World Library  
Flag as Inappropriate
Email this Article

Pomeranian culture

Article Id: WHEBN0000526581
Reproduction Date:

Title: Pomeranian culture  
Author: World Heritage Encyclopedia
Language: English
Subject: History of Pomerania, Milograd culture, Pomerelia, Iron Age Europe, Pomeranians (Slavic tribe)
Publisher: World Heritage Encyclopedia

Pomeranian culture

European early Iron Age cultures:
dark green - Nordic group
dark red - Jastorf culture
yellow - Harpstedt-Nienburger group
orange - Celtic groups
olive-green - Pomeranian culture
bold green - House Urn culture
light red - east-Baltic cultures of forest zone
violet - West-Baltic culture of cairns
turquoise - Milogrady culture
black - Estonic group

The Pomeranian culture, also Pomeranian or Pomerelian Face Urn culture[1] was an Iron Age culture with origins in Pomerania (which later became a part of northern Germany/Poland) from the 7th century BC to the 3rd century BC, which eventually covered most of today's Poland.

About 650 BC, it evolved from the Lusatian culture between the lower Vistula and Parseta rivers,[2] and subsequently expanded southward. Between 200 and 150 BC, it was succeeded by the Oksywie culture in eastern Pomerania and the Przeworsk culture at the upper Vistula and Oder rivers.[3]


  • Features 1
  • Related cultures 2
  • Spread 3
  • See also 4
  • References 5


The Pomeranian culture developed in Western Pomerania covering the entire range of Odra and Vistula basin. It has been sometimes associated with the Bastarnae. The original homeland of the Bastarnae remains uncertain. Babeş and Shchukin argue in favour of an origin in eastern Pomerania on the Baltic coast of northwestern Poland, on the grounds of correspondences in archaeological material e.g. a Pomeranian-style fibula found in a Poieneşti site in Moldavia.[4]

The most characteristic feature was the use of burial urns with faces. The urns were often contained in stone cists. The face-urns have lids in the form of hats, often miniature ear-rings of real bronze are added. The faces are sometimes modelled very naturalistically, and no two urns show the same face. Incised drawings on the urns show hunting scenes, chariot races or riders. Brooches of Certoza-type and necklaces of multiple bronze rings are typical examples of metal work.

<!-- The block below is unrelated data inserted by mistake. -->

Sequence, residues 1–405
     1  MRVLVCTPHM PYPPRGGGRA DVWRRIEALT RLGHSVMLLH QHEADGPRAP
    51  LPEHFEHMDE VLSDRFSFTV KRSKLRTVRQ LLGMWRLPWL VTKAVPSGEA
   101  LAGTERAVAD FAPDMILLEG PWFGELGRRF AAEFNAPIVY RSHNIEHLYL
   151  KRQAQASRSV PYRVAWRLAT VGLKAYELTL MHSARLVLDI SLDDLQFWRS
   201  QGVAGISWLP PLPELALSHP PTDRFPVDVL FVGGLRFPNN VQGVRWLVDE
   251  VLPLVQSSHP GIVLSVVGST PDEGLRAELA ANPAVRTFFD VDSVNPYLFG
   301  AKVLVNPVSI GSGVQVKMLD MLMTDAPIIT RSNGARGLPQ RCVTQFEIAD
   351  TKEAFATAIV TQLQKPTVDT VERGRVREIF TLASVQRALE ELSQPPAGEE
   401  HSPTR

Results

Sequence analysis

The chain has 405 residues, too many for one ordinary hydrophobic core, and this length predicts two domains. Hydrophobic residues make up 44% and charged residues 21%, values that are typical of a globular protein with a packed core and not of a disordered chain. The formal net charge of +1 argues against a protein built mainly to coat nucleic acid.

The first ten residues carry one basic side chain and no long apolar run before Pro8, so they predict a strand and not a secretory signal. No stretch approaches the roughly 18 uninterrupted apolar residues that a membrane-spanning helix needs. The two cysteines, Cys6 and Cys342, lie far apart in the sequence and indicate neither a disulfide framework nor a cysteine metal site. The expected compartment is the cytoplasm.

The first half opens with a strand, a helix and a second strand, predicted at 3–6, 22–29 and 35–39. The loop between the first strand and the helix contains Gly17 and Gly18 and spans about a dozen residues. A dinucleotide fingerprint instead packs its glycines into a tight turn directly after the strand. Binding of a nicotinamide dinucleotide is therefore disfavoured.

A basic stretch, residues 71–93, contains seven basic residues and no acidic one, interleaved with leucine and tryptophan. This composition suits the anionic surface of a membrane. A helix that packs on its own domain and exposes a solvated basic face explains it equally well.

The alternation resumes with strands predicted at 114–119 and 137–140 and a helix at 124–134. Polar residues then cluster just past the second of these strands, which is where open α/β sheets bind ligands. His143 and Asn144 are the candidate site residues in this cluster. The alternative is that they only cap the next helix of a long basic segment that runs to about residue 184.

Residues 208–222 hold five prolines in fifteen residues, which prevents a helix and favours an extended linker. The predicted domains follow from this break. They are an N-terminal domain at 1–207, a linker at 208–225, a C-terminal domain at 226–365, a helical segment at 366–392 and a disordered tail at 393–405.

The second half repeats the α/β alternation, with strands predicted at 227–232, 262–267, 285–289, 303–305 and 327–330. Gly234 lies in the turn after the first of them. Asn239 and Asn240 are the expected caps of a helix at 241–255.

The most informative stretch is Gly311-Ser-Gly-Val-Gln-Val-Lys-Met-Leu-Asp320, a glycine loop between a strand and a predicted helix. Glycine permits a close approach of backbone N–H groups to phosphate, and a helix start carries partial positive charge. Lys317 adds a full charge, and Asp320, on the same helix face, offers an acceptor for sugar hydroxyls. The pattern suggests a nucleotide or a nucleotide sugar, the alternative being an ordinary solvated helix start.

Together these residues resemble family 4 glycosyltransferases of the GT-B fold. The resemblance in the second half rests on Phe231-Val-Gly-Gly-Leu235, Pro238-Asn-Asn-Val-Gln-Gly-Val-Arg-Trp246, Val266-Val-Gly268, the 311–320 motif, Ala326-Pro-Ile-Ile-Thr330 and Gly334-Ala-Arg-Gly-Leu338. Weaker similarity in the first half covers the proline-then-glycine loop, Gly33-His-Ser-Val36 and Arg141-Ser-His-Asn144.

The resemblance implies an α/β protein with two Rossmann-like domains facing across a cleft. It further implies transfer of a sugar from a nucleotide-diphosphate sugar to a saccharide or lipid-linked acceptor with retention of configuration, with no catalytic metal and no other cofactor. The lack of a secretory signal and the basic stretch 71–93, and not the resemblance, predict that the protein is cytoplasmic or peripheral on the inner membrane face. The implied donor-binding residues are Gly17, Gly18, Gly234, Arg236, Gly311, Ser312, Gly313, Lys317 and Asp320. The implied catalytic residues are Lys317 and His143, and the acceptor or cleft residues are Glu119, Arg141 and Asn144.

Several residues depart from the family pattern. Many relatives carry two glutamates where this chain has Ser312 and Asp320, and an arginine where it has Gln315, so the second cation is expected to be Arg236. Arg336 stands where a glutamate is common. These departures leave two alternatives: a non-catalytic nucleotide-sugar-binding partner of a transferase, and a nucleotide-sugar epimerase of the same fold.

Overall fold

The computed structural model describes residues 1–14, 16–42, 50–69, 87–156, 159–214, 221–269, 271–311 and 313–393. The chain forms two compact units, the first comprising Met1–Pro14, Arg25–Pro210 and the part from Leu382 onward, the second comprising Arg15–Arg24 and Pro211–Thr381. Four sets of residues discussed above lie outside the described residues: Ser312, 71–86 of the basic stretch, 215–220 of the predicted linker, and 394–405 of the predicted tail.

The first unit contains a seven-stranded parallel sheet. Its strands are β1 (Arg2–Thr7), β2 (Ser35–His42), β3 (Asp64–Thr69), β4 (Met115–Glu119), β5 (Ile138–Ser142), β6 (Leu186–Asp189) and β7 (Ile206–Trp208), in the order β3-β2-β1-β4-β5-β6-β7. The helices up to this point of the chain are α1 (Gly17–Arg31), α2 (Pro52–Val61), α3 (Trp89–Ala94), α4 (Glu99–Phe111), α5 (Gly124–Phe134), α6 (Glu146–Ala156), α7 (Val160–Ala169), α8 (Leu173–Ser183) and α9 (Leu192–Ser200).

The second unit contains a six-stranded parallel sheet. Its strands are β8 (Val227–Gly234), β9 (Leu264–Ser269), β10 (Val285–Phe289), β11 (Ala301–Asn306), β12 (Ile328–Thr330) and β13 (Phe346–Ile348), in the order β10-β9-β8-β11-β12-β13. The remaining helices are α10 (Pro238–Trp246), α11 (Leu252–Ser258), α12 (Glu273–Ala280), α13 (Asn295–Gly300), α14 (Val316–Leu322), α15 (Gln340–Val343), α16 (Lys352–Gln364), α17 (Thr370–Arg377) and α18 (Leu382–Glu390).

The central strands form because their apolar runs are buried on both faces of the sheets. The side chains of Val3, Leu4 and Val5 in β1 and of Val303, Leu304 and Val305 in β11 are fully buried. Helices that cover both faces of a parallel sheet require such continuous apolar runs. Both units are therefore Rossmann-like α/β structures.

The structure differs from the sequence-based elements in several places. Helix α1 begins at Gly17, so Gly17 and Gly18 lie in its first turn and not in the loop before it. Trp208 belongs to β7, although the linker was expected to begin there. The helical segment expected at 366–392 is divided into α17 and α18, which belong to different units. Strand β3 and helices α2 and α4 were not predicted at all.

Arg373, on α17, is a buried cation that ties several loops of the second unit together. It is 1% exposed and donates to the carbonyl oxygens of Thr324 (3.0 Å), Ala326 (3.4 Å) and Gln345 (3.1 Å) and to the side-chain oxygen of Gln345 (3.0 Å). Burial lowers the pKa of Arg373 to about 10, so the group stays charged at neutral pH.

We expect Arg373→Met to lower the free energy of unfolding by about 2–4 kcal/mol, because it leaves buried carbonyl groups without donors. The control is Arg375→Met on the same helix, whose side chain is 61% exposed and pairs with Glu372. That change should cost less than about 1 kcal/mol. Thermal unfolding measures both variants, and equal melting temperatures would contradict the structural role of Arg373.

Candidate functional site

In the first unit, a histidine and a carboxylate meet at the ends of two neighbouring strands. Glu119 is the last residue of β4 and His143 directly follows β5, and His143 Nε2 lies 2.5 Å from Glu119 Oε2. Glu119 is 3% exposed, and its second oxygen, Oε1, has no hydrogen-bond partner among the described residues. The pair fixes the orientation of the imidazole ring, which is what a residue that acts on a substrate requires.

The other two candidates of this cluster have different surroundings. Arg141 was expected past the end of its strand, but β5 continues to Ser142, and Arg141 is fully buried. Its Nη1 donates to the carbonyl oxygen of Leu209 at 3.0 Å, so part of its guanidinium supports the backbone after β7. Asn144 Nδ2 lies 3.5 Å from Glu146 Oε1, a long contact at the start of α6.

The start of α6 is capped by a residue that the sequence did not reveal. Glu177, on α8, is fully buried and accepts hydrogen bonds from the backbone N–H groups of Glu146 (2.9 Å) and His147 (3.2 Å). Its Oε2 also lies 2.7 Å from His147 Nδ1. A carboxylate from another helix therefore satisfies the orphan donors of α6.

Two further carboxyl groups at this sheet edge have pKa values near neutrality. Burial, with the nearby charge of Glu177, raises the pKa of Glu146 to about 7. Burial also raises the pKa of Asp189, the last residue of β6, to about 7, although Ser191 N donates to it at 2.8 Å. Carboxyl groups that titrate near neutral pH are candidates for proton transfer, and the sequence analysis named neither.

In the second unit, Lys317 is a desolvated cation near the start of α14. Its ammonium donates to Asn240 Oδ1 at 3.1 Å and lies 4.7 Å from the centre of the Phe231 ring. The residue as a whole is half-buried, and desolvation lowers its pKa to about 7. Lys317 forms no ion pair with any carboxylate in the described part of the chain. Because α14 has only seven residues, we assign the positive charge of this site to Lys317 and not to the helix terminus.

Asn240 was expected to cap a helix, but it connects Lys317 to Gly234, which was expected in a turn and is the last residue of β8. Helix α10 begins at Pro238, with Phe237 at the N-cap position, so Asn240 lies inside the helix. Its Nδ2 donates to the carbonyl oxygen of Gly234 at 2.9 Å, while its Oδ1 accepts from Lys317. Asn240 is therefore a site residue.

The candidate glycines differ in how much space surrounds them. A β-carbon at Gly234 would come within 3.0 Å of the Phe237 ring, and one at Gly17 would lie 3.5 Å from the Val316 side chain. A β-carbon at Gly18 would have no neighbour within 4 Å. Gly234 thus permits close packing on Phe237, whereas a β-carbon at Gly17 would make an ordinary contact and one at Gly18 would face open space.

The economy was similar to that of the Lusatian culture. Rye was systematically cultivated for the first time, but still formed a minor component of the cereals. There were fewer hill forts than in the area of the Lusatian culture further west. Southern imports were sparse as well.

Related cultures

A related culture of the same age was the House Urn culture in central Germany.[5]


Pomeranian culture costumes (Archaeological Museum of Kraków).
Antenna sword of the Hallstatt period (c. 8th century BC), found near Kraków
Two urns with facial decoration (from the Pommerellische Gesichtsurnen-Kultur) in Museum für Vor- und Frühgeschichte, Berlin.
8th-century BC architecture in Poland (timber framing)

In the later Iron Age, the Pomeranian culture spread southward, into areas formerly belonging to the Lusatian, Wysoko- and Milograd cultures. In Masovia and Poland this mixture led to the development of the group with bell-shaped burials.

See also


  1. ^ Anthropological Literature, Tozzer Library, The Pomerelian Face Urn culture: a report on the status of the research, Acta praehistorica et archaeologica Berlin, no. 11/12, 1980/81. p. 219-304., Redgrave Pub. Co., 1982
  2. ^ Jan M Piskorski, Pommern im Wandel der Zeit, 1999, p.23, ISBN 83-906184-8-6
  3. ^ J. B. Rives, Tacitus' Germania, Oxford University Press, 1999, p.8, ISBN 0-19-924000-0
  4. ^ Shchukin (1989) 65-6, 71-2
  5. ^ Peter N. Peregrine, Melvin Ember, Human Relations Area Files, inc, Encyclopedia of Prehistory, Springer, 2001, p.406, ISBN 0-306-46258-3
This article was sourced from Creative Commons Attribution-ShareAlike License; additional terms may apply. World Heritage Encyclopedia content is assembled from numerous content providers, Open Access Publishing, and in compliance with The Fair Access to Science and Technology Research Act (FASTR), Wikimedia Foundation, Inc., Public Library of Science, The Encyclopedia of Life, Open Book Publishers (OBP), PubMed, U.S. National Library of Medicine, National Center for Biotechnology Information, U.S. National Library of Medicine, National Institutes of Health (NIH), U.S. Department of Health & Human Services, and, which sources content from all federal, state, local, tribal, and territorial government publication portals (.gov, .mil, .edu). Funding for and content contributors is made possible from the U.S. Congress, E-Government Act of 2002.
Crowd sourced content that is contributed to World Heritage Encyclopedia is peer reviewed and edited by our editorial staff to ensure quality scholarly research articles.
By using this site, you agree to the Terms of Use and Privacy Policy. World Heritage Encyclopedia™ is a registered trademark of the World Public Library Association, a non-profit organization.

Copyright © World Library Foundation. All rights reserved. eBooks from World eBook Library are sponsored by the World Library Foundation,
a 501c(4) Member's Support Non-Profit Organization, and is NOT affiliated with any governmental agency or department.